The bulk of our work sees us out in rural Oxfordshire putting up agricultural fences to keep cattle or sheep safe, or, conversely, protecting trees from being browsed by rabbits and deer. For this kind of work, knowing your material, how it is treated and what specification to use, is absolutely crucial. As a standard, Nicholsons uses Universal Class 4 (UC4) treated Pine to achieve a level of durability we are happy to recommend to our customers. This means that the timber has been kiln-dried and pressure-treated to ensure that the application of the preservative is deep within the wood.
Another option is to use Creosote, much the same process as UC4 but this uses higher temperatures. This treatment has been used for over 150 years and can extend the lifetime of a fence to 30-40 years. It also introduces an unmistakable colouring, which can be like Marmite – you either love it or hate it! However, Nicholsons applies a thoughtful approach to its use because of the associated carbon footprint; Creosote is derived from coal and the tar is a by-product of the coking process for steel manufacturing, so this product comes with an environmental cost.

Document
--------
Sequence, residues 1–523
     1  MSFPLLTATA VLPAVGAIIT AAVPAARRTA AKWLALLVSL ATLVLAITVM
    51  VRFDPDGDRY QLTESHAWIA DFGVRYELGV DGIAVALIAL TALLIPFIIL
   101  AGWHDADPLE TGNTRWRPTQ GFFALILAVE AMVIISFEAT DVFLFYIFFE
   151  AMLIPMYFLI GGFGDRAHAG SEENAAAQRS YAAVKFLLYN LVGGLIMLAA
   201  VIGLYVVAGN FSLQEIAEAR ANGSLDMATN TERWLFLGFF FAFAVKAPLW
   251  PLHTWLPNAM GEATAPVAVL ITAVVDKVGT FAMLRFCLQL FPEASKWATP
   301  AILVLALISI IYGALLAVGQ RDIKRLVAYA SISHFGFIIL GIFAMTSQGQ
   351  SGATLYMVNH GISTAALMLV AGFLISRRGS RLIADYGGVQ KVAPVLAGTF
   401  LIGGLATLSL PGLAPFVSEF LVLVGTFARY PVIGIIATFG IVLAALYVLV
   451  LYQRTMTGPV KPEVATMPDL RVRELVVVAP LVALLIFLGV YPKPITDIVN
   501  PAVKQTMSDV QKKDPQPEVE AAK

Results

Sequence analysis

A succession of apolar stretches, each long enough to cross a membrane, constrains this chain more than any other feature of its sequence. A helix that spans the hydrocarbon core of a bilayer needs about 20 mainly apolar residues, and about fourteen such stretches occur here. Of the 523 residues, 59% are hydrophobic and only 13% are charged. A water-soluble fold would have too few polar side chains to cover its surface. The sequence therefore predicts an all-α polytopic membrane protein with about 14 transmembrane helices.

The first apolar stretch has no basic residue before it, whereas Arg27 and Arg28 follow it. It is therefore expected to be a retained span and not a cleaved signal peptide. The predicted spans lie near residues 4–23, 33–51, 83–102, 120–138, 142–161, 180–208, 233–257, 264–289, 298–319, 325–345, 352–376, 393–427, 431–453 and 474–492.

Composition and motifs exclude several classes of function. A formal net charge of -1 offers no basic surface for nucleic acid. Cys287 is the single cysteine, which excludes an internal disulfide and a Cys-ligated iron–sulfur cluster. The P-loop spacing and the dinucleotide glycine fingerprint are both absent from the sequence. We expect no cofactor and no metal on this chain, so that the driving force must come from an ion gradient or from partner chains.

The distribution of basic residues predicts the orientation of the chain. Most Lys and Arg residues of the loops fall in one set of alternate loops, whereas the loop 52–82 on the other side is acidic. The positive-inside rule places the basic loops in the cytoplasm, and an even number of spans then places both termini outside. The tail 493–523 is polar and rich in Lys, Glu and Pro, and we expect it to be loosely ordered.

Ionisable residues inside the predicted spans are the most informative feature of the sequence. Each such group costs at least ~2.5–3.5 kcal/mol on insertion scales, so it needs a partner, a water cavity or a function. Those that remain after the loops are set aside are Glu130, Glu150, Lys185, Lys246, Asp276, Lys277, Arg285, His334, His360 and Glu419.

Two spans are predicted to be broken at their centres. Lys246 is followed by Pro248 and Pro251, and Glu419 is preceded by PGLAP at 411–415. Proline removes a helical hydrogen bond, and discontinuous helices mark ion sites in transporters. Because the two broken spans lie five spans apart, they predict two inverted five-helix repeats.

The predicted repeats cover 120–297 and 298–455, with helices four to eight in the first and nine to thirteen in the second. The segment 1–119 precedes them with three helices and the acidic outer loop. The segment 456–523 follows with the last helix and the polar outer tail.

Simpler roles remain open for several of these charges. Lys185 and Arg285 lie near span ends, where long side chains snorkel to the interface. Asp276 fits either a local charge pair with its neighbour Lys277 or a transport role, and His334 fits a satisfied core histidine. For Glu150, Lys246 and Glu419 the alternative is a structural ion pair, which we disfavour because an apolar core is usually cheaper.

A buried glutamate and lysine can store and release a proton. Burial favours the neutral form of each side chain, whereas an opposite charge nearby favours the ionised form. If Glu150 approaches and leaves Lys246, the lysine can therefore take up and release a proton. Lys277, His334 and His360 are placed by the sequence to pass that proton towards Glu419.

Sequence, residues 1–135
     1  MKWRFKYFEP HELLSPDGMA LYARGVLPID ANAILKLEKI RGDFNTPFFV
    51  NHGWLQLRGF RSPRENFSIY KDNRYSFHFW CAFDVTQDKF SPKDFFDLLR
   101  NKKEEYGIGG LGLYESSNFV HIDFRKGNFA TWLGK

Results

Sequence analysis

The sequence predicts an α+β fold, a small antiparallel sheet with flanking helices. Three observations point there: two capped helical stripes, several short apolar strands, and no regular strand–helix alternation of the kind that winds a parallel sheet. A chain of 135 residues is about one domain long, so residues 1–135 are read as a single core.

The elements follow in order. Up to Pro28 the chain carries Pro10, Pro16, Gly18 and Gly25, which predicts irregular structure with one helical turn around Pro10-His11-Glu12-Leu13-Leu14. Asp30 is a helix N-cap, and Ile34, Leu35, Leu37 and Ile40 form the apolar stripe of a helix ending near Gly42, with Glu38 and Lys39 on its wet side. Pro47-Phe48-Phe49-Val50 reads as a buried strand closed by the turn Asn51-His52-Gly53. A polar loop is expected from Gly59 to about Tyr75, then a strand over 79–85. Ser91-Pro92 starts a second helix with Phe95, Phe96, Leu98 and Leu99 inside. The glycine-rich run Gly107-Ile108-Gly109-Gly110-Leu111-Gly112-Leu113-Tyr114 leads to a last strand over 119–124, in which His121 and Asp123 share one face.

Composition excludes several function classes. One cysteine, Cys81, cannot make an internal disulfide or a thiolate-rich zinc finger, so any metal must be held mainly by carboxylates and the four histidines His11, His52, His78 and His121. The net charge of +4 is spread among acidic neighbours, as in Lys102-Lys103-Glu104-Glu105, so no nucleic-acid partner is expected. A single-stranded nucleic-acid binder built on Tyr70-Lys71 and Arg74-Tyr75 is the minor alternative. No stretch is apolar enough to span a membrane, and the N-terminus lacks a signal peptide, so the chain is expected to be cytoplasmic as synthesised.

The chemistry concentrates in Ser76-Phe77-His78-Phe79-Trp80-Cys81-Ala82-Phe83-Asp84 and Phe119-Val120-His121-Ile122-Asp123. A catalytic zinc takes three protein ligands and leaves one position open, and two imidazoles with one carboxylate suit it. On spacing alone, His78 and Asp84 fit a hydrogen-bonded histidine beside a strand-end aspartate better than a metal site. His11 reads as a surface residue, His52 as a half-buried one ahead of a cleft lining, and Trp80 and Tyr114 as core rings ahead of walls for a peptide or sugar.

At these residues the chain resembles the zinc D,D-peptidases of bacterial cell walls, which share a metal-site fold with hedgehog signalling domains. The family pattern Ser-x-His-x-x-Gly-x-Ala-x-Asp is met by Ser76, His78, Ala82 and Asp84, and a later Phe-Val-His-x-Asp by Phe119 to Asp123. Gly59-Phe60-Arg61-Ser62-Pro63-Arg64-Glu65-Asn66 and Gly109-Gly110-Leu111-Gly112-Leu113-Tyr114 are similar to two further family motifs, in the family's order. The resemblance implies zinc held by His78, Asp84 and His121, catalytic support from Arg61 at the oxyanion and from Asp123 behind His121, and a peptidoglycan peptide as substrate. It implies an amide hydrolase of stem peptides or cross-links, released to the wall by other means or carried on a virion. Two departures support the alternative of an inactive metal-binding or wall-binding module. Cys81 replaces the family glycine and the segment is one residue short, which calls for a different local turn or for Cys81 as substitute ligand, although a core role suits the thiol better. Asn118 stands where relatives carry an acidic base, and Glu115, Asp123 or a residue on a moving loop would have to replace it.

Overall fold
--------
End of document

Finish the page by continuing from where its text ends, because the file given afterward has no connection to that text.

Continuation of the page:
Typically, agricultural fencing consists of tensioned wire or netting for rabbits, sheep, cattle, horses and deer, as well as post and rail fencing. The strength of these fences is determined by the distance between each post and the depth they have been put in the ground. Deer fencing only requires posts every 5m, whereas cattle require posts every 3m, but both will have 40% of the total length of the post in the ground. A straining post for deer fencing will be driven 1.2m in the ground to ensure it is rigid and able to carry the weight of the netting. Rabbit net is slightly unusual because it is typically buried in the ground and it is the vertical tension that keeps the fence looking smart, as well as preventing the bunnies digging underneath it.